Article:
The advertisements in Teen matched the magazine’s style—sunny and carefree—and I remember them almost more than I remember the actual content: Love’s Baby Soft and Tribe!; Chill Out and Salon Selectives. There were Super Hair Searches and Sports Girl of the Year searches; multiple calls for girls to submit their photos, and I remember studying them intently as a kid, wondering how I’d match up if I were brave enough to submit my own photo. It was the thick of the supermodel generation, after all, where Kate Moss and Christy Turlington and the Taylor sisters were becoming household names. (In the December 1993 issue, Teen published the results of a reader poll, and girls said the women they most admired were their moms, their sisters, their friends, Hillary Clinton…and Cindy Crawford.)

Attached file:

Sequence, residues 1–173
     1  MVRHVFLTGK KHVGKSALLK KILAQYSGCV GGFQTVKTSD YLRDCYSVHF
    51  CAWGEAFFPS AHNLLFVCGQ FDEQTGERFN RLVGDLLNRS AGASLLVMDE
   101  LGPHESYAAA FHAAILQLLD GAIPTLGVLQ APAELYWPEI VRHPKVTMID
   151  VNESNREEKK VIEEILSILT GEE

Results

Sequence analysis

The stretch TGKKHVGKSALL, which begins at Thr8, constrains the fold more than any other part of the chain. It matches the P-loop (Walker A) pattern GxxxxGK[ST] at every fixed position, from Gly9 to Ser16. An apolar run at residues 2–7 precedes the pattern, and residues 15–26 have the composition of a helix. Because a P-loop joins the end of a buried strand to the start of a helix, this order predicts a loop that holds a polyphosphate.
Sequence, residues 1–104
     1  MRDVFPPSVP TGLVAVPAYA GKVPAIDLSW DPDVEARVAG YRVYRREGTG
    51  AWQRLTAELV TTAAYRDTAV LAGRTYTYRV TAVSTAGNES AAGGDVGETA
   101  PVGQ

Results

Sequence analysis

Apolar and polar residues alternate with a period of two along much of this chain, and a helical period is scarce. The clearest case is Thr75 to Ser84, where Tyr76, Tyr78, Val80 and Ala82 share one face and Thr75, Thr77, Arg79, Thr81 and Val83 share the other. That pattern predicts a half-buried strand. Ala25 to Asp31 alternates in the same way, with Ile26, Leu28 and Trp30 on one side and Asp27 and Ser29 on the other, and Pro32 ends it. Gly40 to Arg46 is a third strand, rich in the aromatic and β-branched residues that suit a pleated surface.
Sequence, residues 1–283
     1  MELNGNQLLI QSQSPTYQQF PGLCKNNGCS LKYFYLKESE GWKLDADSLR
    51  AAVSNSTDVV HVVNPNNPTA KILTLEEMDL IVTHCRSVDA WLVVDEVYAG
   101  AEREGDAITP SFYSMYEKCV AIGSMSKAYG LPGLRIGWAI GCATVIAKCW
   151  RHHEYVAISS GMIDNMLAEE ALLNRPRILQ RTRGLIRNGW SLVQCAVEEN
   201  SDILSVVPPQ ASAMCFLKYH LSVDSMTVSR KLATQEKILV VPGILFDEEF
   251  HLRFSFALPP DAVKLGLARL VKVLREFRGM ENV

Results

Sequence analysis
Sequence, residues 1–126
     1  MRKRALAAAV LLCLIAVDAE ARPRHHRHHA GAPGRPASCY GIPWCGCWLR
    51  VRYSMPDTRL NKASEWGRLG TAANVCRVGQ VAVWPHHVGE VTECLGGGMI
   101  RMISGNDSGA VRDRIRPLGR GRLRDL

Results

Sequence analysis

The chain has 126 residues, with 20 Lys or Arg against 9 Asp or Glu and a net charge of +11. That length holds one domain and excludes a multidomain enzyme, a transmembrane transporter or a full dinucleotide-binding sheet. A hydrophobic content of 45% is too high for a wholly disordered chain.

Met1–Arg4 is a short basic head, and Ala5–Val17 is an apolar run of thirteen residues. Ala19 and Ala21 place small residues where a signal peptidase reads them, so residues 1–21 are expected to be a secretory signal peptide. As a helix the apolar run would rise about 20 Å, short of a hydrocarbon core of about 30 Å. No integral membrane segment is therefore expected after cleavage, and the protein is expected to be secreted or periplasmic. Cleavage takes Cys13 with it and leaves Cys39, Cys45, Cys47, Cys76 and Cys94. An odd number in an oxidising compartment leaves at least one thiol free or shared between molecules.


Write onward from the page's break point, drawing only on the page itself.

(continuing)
Like many (most? All?) pre-teen girls, I was obsessed with getting my period. (Thanks, Judy Blume.) My memories had me convinced that Teen, too, was obsessed with it, but in rereading these three issues, I was clearly mistaken. Other than the occasional mention, and the Always-sponsored “advice” column (really an ad) in each issue, there wasn’t a lot of period talk.
Maybe that was Seventeen, I told myself after bingeing on three Teens and half a bottle of wine. (I am a lightweight these days.)
So back to eBay I went, for an old issue of Seventeen.
Seventeen Magazine: February 1993